Several years ago, a close friend lost her husband and son in a horrific car accident. While the marriage had long been over emotionally, she was very close to her son.
She’s had an extremely difficult time, but refuses to get counselling, for either herself or her remaining child.
She’s still unable to work (she tried), return to school, even unable to read.
I understand that unresolved grief can manifest itself sometimes in promiscuity. She had a very brief marriage and divorce (he mistreated her) soon after the accident.
She’s now married to a man overseas whom, from things she’s told me, and another friend, is sexually exploiting her.
He has her meet other men, have phone encounters, and exchange nude photos.
She said he wouldn’t mind if she has sex with them, if he arranges it.
I believe he’s arranging the meetings, filming her, and making money from it.
He’s hit her on at least one occasion and she couldn’t see properly for days.
She has evidence that he’s a member of a violent, extreme group whose members are wanted worldwide.
I fear for her emotional health and for her life, involved in this dangerous game of meeting guys, and because of her husband's abuse and dubious activities.
How to Help?
Go to the police.
She’s suffering abuse, apparently involved with strange men in sexually related activity, and married to a man connected with violence and criminal elements.
You cannot protect her by listening and cajoling.
Make a written record of the things she’s said to you and others, about the physical abuse and signs of possible pornography and prostitution. Take these to local police to investigate.
More crucial than protecting your friendship is protecting this woman’s life. But along with your mutual friends, have the names of a therapist and lawyer ready, who’ll help at a fee within her means.
I’m middle-40s, diagnosed with herpes simplex virus type 2 (HSV 2) - genital herpes. We’re newlyweds who’ve been monogamous for five years.
This was likely contracted early in my life and dormant until now.
I feel terrible about my sexuality and myself. My husband seems complacent about the fact he’s likely been exposed already.
He’s very supportive and is confident that it may be that oral cold sores (which I’ve always had) may’ve been transmitted.
I know that we’ve been faithful and our marriage is strong. I just don’t know how one manages this diagnosis and how it may tarnish my future.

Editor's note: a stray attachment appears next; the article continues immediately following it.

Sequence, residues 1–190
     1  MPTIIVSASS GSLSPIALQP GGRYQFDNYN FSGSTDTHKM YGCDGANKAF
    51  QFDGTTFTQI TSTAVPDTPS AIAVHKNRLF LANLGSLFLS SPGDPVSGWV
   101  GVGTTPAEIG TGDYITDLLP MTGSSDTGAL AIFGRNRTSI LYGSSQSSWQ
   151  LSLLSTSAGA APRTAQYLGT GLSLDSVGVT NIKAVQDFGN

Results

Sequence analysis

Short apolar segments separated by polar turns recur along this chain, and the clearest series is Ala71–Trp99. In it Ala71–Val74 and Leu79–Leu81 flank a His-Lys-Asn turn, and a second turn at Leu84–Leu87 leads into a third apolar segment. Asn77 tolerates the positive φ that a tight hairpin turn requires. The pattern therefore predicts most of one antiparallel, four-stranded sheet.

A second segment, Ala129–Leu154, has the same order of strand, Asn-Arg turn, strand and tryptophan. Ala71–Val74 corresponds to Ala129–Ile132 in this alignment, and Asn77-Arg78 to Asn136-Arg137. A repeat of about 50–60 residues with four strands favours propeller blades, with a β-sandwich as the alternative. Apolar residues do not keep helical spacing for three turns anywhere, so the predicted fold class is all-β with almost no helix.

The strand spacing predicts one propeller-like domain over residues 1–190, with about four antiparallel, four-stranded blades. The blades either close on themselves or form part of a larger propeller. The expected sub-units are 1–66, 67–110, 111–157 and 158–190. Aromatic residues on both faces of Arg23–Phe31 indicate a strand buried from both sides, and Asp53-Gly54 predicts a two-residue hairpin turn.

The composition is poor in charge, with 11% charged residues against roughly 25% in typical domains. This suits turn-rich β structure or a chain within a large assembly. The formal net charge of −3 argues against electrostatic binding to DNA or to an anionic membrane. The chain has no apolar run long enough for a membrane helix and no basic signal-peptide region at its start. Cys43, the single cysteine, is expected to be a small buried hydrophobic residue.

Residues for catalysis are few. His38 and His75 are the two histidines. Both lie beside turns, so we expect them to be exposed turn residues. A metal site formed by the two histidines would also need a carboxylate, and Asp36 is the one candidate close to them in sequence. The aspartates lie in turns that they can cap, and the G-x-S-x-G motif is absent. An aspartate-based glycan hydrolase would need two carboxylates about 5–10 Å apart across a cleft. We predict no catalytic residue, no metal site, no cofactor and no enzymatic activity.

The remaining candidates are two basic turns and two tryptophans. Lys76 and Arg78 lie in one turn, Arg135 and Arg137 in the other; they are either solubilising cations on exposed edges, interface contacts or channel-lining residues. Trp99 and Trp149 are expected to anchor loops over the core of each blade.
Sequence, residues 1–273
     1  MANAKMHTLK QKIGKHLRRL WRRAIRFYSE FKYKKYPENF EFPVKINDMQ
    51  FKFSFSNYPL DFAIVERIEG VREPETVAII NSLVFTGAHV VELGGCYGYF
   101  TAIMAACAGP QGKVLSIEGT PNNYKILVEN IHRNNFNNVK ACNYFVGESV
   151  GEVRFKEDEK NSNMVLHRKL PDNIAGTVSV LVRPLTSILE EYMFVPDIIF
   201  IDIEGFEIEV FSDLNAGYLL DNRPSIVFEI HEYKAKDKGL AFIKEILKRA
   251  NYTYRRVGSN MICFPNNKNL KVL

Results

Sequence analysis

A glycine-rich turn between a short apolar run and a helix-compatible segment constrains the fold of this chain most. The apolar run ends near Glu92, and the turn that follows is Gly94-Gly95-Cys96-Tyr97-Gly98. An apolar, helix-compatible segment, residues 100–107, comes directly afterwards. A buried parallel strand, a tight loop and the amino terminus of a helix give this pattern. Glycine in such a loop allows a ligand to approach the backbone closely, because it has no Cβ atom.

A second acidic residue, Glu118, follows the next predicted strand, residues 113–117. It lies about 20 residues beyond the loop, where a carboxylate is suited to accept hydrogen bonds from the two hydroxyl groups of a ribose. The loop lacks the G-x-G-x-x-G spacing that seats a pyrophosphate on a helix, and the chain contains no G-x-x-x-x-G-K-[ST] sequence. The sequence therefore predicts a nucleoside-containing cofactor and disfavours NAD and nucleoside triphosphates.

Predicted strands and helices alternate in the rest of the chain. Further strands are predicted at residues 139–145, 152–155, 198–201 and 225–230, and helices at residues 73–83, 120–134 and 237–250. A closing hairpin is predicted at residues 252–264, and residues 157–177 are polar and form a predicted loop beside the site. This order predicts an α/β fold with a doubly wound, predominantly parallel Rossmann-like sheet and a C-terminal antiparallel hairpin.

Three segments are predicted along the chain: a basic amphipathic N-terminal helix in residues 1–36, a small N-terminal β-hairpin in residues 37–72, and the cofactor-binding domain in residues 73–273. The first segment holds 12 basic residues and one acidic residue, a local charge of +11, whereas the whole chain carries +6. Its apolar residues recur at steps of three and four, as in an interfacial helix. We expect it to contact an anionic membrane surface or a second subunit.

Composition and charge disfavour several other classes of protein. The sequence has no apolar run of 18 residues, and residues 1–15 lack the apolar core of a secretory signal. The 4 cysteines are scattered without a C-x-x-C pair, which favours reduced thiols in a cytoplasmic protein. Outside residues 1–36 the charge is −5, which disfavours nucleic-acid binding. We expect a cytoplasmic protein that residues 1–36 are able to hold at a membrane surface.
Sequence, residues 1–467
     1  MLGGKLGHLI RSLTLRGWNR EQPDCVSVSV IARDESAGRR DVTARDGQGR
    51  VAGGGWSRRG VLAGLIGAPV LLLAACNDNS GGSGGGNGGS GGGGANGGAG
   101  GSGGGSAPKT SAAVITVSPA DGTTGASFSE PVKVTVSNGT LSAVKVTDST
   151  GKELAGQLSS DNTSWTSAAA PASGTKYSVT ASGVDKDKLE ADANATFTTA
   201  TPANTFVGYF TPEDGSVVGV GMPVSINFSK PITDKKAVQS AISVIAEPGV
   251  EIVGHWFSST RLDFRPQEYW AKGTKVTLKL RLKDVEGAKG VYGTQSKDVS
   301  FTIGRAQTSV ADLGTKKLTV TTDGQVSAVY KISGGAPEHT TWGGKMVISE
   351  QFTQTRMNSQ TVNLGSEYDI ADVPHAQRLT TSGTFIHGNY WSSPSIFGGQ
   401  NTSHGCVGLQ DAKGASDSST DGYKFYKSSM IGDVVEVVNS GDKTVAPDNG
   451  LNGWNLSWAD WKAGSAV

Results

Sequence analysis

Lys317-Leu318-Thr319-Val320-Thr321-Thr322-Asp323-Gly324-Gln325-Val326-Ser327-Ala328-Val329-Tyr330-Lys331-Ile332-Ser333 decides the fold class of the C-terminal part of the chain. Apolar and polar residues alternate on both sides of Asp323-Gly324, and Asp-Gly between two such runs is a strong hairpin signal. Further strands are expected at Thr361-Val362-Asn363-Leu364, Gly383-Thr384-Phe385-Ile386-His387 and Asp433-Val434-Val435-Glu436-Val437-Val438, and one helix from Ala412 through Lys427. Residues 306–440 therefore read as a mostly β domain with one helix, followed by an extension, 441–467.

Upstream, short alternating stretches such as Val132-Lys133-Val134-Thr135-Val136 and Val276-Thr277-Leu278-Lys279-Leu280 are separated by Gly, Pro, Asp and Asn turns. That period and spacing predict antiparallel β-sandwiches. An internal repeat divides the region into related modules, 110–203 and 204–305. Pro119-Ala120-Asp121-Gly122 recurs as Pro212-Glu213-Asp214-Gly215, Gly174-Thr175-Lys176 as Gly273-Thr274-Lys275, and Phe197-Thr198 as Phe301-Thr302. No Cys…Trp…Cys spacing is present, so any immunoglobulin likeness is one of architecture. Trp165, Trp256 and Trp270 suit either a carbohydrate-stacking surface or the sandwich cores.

I’m almost thinking he deserves to be with someone healthy instead. Is there such a thing as a support group?
First, get informed from your health provider and responsible medical websites about your condition. Dealing from fear and anxiety will hinder your adjustment to managing this virus, as well as your attitude towards yourself and your husband.
Some facts worth knowing: The Centers for Disease Control and Prevention (CDC) estimates that 16 %, or about one out of six people, aged 14 to 49 years, have genital HSV-2 infection.
It’s more common in women (about one out of five, 14 to 49).
Transmission can occur from an infected partner who doesn’t have a visible sore and may not know that he/she’s infected, often through oral sexual contact.
While herpes isn’t curable, it IS a manageable condition.
Ask your doctor and/or search the Internet for a local support group.
Most important, follow your husband’s supportive lead. You’re in this together and both need to adapt to it.
I’m in high school and think I'm in love. He’s a senior – selfless, compassionate, mature, a reliable friend, ambitious scholar, and true gentleman.
He calls me his princess and respects my boundaries. Recently, while making out in the car, he said, "I love you so much." I wanted to say it back but feared that we’d become even closer and it’d be intolerable pain to say goodbye after graduation.
I’m afraid of the future. I can't see myself finding anyone better than him. Is there any point in becoming “boyfriend/girlfriend” if we know that we'll either marry (very unlikely) or break up?
You sound mature enough yourself to realize that further education and pursuing a career may separate you two for long periods… and soon, when this ambitious young man graduates.
So keep those boundaries intact while enjoying the caring feelings, without making long-term promises beyond staying in contact.
Tip of the day:
When a friend’s physical safety’s at risk, talk to police first, offer supports later.